BELMONT — Belmont High School is sponsoring its annual Candidates Night on Wednesday, March 4 at the high school cafeteria at 6 p.m.

All candidates for town office and Shaker Regional School District positions have been invited to attend and state their positions on key issues and answer questions from any citizen or newspaper representative that is in the audience. The event is organized by the Belmont High School student council.

Last Updated on Thursday, 26 February 2015 09:58

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Conservation Commission to hold program on combatting problems posed by with runoff

 

LACONIA — The Laconia Conservation Commission will hold a free program titled Soak Up The Rain – NH on March 9, from 6:30 to 8 p.m. in the cafeteria of the Laconia Middle School.

Members of the commission will discuss various do-it-yourself landscaping methods that help prevent rain water and snow melt, also known as storm water runoff, from contributing to flooding and soil erosion within Laconia's many streams and brooks. You don't have to live near a stream, brook, pond or lake to have a great impact on the health of the water we all share.

Also, part of the program will be an introduction to the user-friendly on-line tool "What's Your P?" ("P" refers to the nutrient phosphorus) that helps landowners calculate how much soil, and the nutrients it contains, they can prevent from washing away by installing the landscaping methods to be discussed. This on-line tool is being promoted by the Lake Winnipesaukee Association (LWA) as a Lakes Region specific version of the NH Residential Loading Model first unveiled by the NH Dept. of Environmental Services and later adapted by LWA through a public/private partnership.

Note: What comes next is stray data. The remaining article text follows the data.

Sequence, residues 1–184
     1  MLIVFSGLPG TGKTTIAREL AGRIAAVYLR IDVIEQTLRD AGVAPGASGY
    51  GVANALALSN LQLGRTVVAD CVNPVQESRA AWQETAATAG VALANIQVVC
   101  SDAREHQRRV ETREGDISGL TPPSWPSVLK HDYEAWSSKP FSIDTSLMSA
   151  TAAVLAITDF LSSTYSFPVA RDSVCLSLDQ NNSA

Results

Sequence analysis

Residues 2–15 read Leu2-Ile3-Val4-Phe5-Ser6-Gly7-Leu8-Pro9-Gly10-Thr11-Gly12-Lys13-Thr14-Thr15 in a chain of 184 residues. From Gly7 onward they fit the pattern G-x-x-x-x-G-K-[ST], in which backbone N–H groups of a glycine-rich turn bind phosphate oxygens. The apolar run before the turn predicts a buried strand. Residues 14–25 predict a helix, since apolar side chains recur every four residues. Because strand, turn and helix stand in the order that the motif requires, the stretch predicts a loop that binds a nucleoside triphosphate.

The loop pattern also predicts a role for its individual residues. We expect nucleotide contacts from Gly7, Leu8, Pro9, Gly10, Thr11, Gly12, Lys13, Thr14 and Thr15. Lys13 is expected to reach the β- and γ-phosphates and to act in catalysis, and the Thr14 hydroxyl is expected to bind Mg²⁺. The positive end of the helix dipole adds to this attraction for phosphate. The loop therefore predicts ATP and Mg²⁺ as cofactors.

In addition, program attendees will have an opportunity to view the on-line tool titled Web Soil Survey, a tool that identifies for landowners the soil types existing on their property along with management suggestions, and can prepare a printable report.

There is no deadline to register but an RSVP is suggested by contacting commission member Lisa Morin at This email address is being protected from spambots. You need JavaScript enabled to view it. or at telephone number 603-527-5880.

Everyone is welcome to attend and light refreshments will be served.

Last Updated on Thursday, 26 February 2015 09:49

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World War II trunk show comes to Taylor Community

 

LACONIA — Dan Schroeder, a volunteer at Wolfeboro's Wright Museum, discusses the history behind the contents of the World War II Traveling Trunk Show Wednesday, March 11 at 6:30 p.m. in Taylor Community's Woodside Building.

Since 2009, the traveling trunk program has brought noteworthy World War II memorabilia from both home and war fronts to schools and civic organizations through New Hampshire and beyond. The program is free and open to the public. Call 524-5600 to reserve a seat.

For more information, visit www.taylorcommunity.org, or call 366-1400.

Last Updated on Thursday, 26 February 2015 09:42